Recent and perhaps more relevant evidence derived from prospective randomized controlled trials on the ventilation of ICU patients without ARDS suggests that clinically important outcomes do not differ between patients who are ventilated with a low or higher VT or with low versus higher PEEP. Although it can be hypothesized that protective lung ventilation during one-lung ventilation is a prudent strategy to reduce postoperative pulmonary complications, there is limited evidence to support this, and data from both observational and randomized studies are conflicting. Certainly, none of the trials showed that a strategy of high VT ventilation was superior. Determination of the optimal VT level during one-lung ventilation requires further study, because the identified VT levels ranged from 4 to 8 ml/kg predicted body weight (which may not be low, per se, but reflect the physiologic level) and the effects of low versus higher PEEP are unclear. The importance of proven risk factors for postoperative pulmonary complications after lung resection, such as decrements in forced expiratory volume in 1 s or diffusion capacity of the lung for carbon monoxide and greater fluid administration during surgery, should also be emphasized and considered when interpreting observational data or in the design of future randomized controlled trials to examine the impact of protective lung ventilation during one-lung ventilation. Of these known risk factors, fluid restriction and ventilatory settings can be modified by anesthesiologists, as can less proven factors that may impact inflammatory responses, such as choice of inhalational or intravenous anesthetic agents, Fio2, and hypercapnia.51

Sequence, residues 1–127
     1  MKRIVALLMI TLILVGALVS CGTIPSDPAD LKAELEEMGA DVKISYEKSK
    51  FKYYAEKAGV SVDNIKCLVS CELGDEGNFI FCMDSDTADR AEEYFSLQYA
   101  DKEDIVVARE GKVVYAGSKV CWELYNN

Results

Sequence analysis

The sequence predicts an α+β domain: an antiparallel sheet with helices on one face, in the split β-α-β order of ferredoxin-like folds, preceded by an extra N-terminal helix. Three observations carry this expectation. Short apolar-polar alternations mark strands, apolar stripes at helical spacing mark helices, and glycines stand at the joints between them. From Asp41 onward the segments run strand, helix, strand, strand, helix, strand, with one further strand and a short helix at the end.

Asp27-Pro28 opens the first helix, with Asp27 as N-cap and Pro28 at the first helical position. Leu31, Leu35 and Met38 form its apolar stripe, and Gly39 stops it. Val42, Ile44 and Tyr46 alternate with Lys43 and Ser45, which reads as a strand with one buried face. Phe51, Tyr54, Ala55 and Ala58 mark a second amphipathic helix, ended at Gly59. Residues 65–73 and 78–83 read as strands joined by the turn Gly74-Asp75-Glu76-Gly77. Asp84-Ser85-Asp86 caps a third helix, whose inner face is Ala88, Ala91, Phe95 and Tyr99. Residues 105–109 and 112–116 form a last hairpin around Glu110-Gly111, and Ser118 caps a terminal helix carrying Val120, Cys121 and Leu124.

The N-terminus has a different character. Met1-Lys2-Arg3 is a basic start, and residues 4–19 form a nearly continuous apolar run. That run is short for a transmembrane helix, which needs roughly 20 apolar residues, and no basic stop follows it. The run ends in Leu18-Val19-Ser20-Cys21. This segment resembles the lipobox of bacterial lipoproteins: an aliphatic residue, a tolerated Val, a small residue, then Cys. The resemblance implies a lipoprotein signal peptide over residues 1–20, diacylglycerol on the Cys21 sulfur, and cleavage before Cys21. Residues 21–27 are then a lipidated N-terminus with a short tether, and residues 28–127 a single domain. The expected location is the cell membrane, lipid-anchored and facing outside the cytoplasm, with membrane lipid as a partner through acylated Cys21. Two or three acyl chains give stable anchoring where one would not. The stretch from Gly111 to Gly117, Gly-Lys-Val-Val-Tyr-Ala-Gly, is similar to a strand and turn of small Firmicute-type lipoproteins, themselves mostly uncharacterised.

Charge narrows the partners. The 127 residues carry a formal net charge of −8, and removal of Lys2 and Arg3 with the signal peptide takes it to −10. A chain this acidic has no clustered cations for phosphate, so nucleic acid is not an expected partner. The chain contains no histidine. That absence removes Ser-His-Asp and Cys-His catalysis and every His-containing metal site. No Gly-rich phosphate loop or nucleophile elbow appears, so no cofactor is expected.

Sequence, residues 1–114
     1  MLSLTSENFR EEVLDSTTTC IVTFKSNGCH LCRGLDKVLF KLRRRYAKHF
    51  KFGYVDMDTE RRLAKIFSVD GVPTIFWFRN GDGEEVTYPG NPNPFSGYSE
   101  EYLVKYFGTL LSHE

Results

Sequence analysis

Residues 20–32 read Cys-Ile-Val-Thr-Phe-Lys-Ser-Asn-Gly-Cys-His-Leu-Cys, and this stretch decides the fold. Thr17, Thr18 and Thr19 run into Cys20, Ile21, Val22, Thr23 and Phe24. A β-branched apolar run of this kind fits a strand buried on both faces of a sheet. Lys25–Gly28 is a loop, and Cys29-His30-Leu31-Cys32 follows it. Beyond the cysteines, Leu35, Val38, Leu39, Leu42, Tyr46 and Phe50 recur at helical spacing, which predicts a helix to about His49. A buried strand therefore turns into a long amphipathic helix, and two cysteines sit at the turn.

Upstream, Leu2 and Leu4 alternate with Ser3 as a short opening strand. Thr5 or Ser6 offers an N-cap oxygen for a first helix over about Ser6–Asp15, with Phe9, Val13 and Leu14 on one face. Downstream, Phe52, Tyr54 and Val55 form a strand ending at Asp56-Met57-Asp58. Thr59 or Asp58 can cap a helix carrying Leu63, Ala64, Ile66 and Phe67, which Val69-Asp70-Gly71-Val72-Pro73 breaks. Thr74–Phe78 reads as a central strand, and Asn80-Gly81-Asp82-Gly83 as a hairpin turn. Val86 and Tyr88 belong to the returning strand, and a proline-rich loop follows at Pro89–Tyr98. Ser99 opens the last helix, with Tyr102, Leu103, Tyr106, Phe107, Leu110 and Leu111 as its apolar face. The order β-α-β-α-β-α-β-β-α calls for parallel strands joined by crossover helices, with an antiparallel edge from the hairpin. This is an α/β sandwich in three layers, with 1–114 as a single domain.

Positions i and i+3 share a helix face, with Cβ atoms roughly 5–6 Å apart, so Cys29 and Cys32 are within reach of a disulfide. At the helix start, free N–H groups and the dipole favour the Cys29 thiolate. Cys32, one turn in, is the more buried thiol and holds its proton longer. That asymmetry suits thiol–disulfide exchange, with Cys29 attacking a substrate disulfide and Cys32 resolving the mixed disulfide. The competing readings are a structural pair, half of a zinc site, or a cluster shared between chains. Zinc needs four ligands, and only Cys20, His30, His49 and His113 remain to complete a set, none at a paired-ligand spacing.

The authors thank David B. Sewell, M.A., M.F.A. (Department of Surgery, Memorial Sloan Kettering Cancer Center, New York, New York) for his help with preparation of the manuscript.
Support was provided, in part, by the Slomo and Cindy Silvian Foundation (Melville, New York; to Dr. Amar) and by grant No. P30 CA008748 from the National Institutes of Health/National Cancer Institute (Bethesda, Maryland; to Dr. Amar).
The authors declare no competing interests.